From Military Coup To Toppling J&K Government
Not long ago a national newspaper, of considerable standing, ‘in headlines’ on its front page had created a stir amongst the public by raising the specter of a military coup, engineered by the then army chief. The provocation was the move of two minor units (in all 1,000 soldiers ) towards Delhi, at a time when army chief’s case concerning his date of birth was being taken up with the Supreme Court. At any one time there are over thirty thousand troops in Delhi cantonment, so how did another thousand matter! Now the same paper on its front page, notes, ‘Undesirable activities by a rouge intelligence unit of the army’ undertaken by the same army chief (now retired.)
No Lessons Learnt
The story of coup at Delhi turned out to be hoax: a creation entirely of that paper. Though the paper ended up with an egg on its face, it has learnt no lesson and has now put out another daft story of snooping on Ministry of Defence (MoD) and toppling a state government, just because the government of that state wants the removal of Armed Forces Special Powers Act, (AFSPA). The paper may not know that this noise about removal of AFSPA is purely for public consumption. Behind closed doors the state government’s stand is different. Tell that government that the army is being pulled out from internal security duties from the state and you will see the panic in that very government. For the military, counter terrorist operations in J&K, are of no great interest and is the least preferred task. It is there on this job because the state and central police simply cannot measure upto the task.
It is alleged that a sum of Rs 1.9 crore was used to destabilise the present state government, but it stops short of telling us the amount required to dislodge the central government! The paper may not know that the government, which would have replaced the present set-up in J&K would be more vocal in removal of AFSPA and is known to be hostile towards the army.
Equipment in Question
The equipment under reference is for intercepting radio communications and was purchased and held by the National Intelligence Agency (NIA) which is part of the MoD and not the army. However such equipment is essential for the army deployed on counter terrorist tasks to get to locate, ‘enemy intelligence cells’ and others involved in terrorist activities. Our ammunition dump at Poonch is well tucked behind a high ridge and it is near impossible for the Pak artillery to score a hit, unless someone nearby can correct fire by constantly passing information to Pak guns. During ‘Kirni operation’ Pak scored a hit on this dump and destroyed part of the ammunition and we had no means to locate the mole who was directing Pak artillery fire. The same was the case at Kargil when Pak hit our ammunition dump and we had no means to locate and hunt out that mole. Army required such an equipment on priority but never got it. To allege that army had deployed some of this equipment to know what was going on in the MoD is absurd. Firstly, this equipment was never with the army and secondly nothing worthwhile takes place in that ministry for one to snoop!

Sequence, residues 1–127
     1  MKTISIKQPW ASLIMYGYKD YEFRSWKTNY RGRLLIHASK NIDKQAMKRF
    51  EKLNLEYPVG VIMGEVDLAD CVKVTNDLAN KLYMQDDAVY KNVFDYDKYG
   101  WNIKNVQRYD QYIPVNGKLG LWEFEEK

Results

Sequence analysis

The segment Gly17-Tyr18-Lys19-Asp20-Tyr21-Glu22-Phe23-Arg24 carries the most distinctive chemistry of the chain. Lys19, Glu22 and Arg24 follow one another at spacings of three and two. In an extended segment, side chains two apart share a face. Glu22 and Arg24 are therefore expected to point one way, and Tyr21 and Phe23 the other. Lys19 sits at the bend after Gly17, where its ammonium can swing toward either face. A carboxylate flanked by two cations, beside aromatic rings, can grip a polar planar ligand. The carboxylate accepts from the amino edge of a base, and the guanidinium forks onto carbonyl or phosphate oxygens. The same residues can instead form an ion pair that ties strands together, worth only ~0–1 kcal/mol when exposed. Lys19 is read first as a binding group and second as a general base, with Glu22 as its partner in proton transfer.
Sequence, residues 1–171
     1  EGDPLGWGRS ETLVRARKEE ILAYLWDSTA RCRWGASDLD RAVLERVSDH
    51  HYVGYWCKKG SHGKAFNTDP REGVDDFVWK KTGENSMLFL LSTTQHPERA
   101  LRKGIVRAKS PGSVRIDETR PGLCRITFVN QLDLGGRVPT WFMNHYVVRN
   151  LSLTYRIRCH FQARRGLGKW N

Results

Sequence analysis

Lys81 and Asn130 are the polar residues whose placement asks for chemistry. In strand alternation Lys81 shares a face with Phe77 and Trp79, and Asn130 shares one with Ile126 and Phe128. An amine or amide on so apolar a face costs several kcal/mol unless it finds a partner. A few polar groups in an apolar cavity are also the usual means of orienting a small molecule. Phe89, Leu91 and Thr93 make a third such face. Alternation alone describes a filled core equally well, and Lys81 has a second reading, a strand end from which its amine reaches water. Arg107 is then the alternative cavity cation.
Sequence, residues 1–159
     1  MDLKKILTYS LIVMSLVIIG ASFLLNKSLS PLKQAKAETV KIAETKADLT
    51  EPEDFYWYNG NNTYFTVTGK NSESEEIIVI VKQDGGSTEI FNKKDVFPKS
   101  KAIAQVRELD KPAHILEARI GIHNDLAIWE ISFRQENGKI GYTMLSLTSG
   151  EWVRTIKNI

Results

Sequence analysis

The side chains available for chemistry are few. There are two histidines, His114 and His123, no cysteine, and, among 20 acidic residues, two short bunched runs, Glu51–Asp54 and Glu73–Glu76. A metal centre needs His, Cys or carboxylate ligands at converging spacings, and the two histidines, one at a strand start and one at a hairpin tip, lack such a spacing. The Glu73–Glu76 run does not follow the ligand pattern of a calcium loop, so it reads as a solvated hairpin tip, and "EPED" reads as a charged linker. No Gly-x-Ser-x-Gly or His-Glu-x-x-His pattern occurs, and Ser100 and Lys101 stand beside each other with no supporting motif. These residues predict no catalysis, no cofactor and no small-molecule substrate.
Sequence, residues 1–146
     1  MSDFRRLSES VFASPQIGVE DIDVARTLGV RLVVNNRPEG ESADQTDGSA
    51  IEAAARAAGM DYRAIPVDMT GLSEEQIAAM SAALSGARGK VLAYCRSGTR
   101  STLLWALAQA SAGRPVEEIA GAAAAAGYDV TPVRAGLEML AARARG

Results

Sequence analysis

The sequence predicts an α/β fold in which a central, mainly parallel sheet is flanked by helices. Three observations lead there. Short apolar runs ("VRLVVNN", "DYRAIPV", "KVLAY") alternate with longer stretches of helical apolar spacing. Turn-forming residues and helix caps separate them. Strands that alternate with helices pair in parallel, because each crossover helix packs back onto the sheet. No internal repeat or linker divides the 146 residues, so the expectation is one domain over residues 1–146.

Allegation of attempts to alter the line of accession, for the post of the army chief, is equally absurd. No one, other than the government, can do this and it did so on two previous occasions. First in the case of Lt-Gen Prem Bhagat, VC and second in the case of Lt-Gen Sinha, for no valid reason except to have a pliable replacement: against the best interest of the army and the nation.
This report on the actions of military intelligence (albeit NIA) and VK Singh’s involvement in all this was given to the defence minister sometime in March, 2013 and now towards the end of September, 2013, it has been dug out, soon after Gen (Retd) VK Singh attended an ex-servicemen rally addressed by Modi. Even the dumb witted can connect the two events.
It may be recalled that this very paper had highlighted the leakage of top–secret letter written by VK Singh to the PM and pointed the finger of suspicion at VK Singh. Nothing came of the CBI enquiry, because the leakage had allegedly taken place from the office of the cabinet secretary and that a lady officer was involved.
There is a perceptible fall of standards of journalism. Remember, the editor of another paper published a series of articles, under his name, on the age row of VK Singh and pray who was the actual author of those articles! The dimensions of the case and sustained witch hunting of an army chief and its possible implication for the army as an institution are of such far reaching consequences, that an enquiry by a sitting judge of the Supreme Court is warranted.
(The writer is Former Deputy Chief of Army Staff. He also commanded a corps in J&K.) (Indian Defence Review)